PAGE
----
In Group B, before closure, the surgeon placed an epidural catheter in the epidural space through a tunnel made 5 cm lateral to upper end of the incision and catheter passed subcutaneous and under the muscle and placed just over the durameter under vision, the catheter was fixed on the skin using 2-0 silk suture and incision was closed around it. After the patient was turned supine, patient was administered 0.25% levobupivacaine 10 mL and an infusion was started at 5 mL/h.

The correct placement of catheters was checked with portable X-ray of the spine at the end of the procedure. The catheters in Group A and B were covered with sterile dressing and plaster tape which was separated from wound dressing to avoid dislodgement of catheter. After completion of surgery, residual neuromuscular blockade was antagonised and the trachea was extubated.

The catheters were fixed in place for 48 h. In all the three groups, patient's post-operative pain relief was achieved by PCA pump (Fresenius Master Serial no 054190/21450985) by giving morphine 1 mg IV, with a lockout period of 10 min after each bolus, and the maximum allowed dose was 15 mg/5 h. Tramadol 2 mg/kg IV was given as rescue analgesia.

The primary outcome measure was the static and dynamic visual analogue score (VAS) and post-operative pain score (PPS) and the requirement of rescue analgesic over a period of 48 h. No patient was withdrawn from the study because of severe pain requiring additional analgesic beyond the recommended protocol. Patients were evaluated by the visual analogue score (0 - no pain, 1–3 mild pain, 4–7 moderate pain, 8–10 - severe or worst imaginable pain) and PPS (0 = no pain; 1 = moderate pain only when moving; 2 = moderate pain at rest, severe pain when moving and 3 = constant severe pain) were recorded at time 0 min, 30 min, 1 h, 6 h, 12 h, 24 h, 36 h and 48 h postoperatively. The pain scores were used to evaluate the quality of analgesia in two situations: static pain when the patients were restricted in bed, and dynamic pain during log rolling in bed 6 h after operation. For log rolling, help of nursing staff was taken. The patient was supported from all four sides with one person supporting the neck. The patient was then turned to first right side up to 90°, then made supine and turned similarly to the left side. Care was taken at all times to avoid flexion of spine and any unsynchronised movement of the limbs.

The secondary outcomes were patient satisfaction and quality of sleep which were graded from 0 to 3 points: unsatisfactory, regular, satisfactory and excellent. Future repetition of the technique was recorded as 0 for does not know, 1 for no and 2 for yes.

The evaluation of undesirable effects and complications (nausea and vomiting, pruritus constipation and urinary retention) also followed the same periodicity and were recorded as present or absent. All the recordings were done by nursing staff. Sedation was measured by Ramsay sedation score.[5] Close attention was paid to the wound healing by both surgical and anaesthesia team in the post-operative care to detect any excessive inflammatory reaction or infection. The catheter insertion site, neurological examination and motor examination were assessed carefully.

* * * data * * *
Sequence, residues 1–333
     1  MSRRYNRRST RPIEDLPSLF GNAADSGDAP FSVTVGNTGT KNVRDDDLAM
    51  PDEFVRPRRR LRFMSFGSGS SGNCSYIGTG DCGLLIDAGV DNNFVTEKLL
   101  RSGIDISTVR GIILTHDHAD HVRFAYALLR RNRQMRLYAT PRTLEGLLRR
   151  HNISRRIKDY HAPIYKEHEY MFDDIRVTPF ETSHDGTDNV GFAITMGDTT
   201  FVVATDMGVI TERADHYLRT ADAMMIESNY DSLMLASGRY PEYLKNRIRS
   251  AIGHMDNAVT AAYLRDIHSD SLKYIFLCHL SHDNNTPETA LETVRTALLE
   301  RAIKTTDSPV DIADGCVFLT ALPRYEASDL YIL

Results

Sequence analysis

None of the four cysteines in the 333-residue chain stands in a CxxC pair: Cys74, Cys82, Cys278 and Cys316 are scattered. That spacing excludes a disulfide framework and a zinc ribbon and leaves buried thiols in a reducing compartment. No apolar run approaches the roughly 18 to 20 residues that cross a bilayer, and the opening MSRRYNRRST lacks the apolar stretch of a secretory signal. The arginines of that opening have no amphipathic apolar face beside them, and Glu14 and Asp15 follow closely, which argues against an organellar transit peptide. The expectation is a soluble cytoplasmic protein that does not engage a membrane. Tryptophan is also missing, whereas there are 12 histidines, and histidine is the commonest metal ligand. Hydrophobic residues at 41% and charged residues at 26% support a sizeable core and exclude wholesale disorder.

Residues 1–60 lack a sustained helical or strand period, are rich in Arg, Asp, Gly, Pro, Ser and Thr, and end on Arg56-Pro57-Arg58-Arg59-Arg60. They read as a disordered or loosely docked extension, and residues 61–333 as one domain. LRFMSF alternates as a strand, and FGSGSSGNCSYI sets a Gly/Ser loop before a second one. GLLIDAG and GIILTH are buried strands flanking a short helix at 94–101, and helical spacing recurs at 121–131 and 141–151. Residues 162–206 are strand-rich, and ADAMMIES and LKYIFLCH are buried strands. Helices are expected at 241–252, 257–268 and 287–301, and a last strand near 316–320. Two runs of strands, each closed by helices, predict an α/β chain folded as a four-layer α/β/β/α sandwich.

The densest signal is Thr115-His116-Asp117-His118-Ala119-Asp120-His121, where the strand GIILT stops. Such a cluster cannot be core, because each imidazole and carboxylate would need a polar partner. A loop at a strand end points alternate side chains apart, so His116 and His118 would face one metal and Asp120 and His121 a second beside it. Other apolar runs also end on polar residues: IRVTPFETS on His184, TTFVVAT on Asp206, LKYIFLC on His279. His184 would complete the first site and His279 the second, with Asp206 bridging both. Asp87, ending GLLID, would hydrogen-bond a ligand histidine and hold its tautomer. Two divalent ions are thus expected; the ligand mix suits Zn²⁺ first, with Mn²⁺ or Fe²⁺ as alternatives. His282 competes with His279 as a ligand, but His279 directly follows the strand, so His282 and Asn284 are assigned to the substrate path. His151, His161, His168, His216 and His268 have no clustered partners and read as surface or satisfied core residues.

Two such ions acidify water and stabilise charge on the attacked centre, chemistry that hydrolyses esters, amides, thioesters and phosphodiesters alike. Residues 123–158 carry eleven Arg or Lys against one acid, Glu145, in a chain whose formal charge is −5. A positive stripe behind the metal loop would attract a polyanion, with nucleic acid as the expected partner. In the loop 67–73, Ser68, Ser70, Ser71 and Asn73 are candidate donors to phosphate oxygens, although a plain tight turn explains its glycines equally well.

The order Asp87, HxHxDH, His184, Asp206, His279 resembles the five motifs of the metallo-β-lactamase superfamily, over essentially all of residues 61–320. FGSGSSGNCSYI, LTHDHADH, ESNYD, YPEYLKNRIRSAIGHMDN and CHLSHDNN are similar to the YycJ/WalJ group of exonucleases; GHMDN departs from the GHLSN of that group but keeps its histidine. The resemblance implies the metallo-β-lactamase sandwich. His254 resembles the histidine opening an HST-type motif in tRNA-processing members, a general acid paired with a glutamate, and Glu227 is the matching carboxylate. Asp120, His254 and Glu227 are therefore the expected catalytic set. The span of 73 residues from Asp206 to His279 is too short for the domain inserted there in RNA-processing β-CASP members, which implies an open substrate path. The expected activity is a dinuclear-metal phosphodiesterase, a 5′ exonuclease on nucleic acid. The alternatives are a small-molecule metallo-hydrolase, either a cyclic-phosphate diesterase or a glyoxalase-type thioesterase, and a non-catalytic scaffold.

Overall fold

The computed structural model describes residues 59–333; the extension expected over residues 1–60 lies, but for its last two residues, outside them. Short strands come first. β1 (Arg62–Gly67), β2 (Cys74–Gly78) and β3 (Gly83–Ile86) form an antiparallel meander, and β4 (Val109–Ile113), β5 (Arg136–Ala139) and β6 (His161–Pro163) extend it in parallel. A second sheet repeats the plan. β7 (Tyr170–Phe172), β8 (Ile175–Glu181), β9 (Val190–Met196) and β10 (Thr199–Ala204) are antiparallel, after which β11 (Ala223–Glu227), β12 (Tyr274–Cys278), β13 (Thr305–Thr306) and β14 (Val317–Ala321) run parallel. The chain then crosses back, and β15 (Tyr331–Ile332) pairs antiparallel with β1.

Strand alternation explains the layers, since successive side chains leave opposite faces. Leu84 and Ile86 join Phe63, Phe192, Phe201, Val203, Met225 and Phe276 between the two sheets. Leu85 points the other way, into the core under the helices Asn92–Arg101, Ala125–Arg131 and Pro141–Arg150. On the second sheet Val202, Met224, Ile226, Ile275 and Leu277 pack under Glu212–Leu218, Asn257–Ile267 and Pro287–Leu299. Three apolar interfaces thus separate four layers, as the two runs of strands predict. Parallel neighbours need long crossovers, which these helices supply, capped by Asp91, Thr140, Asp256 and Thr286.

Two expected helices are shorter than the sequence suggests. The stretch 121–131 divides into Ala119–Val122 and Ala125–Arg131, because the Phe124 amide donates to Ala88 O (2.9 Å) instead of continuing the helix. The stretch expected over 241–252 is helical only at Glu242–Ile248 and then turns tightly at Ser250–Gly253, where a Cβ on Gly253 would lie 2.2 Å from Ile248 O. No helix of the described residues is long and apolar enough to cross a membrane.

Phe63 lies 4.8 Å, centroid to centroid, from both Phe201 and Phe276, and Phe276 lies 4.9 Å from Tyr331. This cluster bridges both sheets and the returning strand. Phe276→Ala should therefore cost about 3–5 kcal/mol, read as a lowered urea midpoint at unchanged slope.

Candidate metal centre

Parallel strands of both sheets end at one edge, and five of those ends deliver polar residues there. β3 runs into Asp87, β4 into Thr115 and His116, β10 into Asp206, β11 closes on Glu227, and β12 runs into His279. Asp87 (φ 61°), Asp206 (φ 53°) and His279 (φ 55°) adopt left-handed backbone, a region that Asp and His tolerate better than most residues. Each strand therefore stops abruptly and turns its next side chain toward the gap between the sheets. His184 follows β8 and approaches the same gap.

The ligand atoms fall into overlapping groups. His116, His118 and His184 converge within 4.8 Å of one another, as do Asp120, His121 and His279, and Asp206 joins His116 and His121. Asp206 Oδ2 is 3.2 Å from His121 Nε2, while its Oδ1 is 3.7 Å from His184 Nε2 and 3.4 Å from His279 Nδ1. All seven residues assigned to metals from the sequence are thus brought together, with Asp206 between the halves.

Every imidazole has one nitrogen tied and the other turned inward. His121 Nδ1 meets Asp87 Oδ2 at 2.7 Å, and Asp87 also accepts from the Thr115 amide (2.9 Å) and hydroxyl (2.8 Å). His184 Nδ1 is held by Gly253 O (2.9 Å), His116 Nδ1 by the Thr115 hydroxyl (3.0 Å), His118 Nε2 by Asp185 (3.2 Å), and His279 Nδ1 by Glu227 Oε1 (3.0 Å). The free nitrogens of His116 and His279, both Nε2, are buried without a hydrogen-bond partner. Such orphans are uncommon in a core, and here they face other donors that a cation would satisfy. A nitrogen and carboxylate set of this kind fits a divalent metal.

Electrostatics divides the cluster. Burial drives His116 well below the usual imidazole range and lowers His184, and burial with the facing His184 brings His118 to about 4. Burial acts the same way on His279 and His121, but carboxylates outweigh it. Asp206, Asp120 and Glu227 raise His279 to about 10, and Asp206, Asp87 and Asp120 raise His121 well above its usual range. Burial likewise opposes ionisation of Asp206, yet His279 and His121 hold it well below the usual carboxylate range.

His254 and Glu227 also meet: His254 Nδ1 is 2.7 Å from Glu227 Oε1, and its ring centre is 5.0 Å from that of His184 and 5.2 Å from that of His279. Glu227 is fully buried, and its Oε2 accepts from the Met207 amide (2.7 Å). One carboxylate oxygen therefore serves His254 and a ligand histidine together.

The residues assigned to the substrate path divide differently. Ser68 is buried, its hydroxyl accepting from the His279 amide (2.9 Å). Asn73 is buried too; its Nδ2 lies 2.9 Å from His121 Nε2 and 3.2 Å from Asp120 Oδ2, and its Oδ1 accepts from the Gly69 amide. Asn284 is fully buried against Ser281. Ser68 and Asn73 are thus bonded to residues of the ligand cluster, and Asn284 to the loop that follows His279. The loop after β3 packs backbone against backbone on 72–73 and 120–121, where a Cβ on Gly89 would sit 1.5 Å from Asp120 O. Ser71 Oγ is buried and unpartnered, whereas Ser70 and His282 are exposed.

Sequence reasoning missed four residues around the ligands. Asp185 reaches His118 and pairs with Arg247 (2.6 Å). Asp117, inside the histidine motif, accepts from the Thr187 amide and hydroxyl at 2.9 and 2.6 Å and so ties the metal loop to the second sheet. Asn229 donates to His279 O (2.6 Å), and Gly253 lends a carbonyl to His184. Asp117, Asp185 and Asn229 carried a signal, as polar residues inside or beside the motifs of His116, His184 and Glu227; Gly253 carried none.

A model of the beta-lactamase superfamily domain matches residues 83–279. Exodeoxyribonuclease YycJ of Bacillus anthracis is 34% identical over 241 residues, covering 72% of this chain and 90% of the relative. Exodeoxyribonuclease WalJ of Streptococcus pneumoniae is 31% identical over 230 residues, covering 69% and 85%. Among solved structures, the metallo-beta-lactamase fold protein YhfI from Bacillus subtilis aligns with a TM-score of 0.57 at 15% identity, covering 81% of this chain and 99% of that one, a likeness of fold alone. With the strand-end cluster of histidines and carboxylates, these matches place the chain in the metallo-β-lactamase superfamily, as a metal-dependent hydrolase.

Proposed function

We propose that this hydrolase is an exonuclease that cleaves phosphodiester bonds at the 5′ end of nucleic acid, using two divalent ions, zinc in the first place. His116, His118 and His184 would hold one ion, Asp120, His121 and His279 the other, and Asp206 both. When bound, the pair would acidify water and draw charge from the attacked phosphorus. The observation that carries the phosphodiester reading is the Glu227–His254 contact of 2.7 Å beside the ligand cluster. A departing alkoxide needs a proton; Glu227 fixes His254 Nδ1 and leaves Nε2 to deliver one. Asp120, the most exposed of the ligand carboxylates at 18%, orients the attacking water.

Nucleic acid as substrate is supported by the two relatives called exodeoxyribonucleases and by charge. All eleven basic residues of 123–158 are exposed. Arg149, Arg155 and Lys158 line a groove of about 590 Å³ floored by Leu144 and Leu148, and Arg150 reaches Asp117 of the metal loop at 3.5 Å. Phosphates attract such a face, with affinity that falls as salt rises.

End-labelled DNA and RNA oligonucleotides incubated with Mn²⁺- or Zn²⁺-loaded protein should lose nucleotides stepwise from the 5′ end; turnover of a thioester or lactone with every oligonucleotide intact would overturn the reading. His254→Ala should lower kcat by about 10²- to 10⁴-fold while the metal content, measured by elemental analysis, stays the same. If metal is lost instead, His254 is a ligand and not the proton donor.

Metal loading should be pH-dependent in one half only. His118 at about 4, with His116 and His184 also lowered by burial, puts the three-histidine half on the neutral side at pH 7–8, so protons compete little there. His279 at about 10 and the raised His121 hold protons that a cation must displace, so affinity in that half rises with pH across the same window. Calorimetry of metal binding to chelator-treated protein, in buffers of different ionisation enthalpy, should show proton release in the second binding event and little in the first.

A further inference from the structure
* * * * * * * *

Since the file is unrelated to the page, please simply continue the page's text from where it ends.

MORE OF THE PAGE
The sample size was estimated on the basis of previous published data. We used G power software to calculate the sample size with α =0.05 and power at 80%, in the absence of prior knowledge of effect size at the time of study. Cohen criteria was used for repeated measure design (analysis of variance [ANOVA] with three groups with effect size 0.30. For an effect size of 0.3, the sample size calculated was 22.6. We therefore enrolled 25 patients in each group, which was also feasible in our set up. This was also similar to total sample size for repeated measure which was 76. It was obvious also from previous studies that as visual analogue scale (VAS) scores had reduced rapidly from higher pain to no pain at all in most studies, a large measurable effect was expected which requires a small sample size.[6]

Data thus obtained was subjected to standard statistical analysis using Microsoft Office Excel 2007 and SPSS software version 22, IBM SPSS Statistics base (SPSS South Asia Pvt., Ltd., Bengaluru, India) and the test of significance was one-way ANOVA for demographic data. Inter-group comparison of VAS score was done using Kruskal–Wallis – H-test, whereas comparison between two groups at a time was done by Mann–Whitney test. For comparison within the group, Friedman test was used. For comparison between the groups in vital and haemodynamic parameters one-way ANOVA, repeated measure ANOVA was used. The comparison between two groups was done using post hoc test for comparison between sleep, satisfaction and future repetition weighted Means were generated and compared with ANOVA.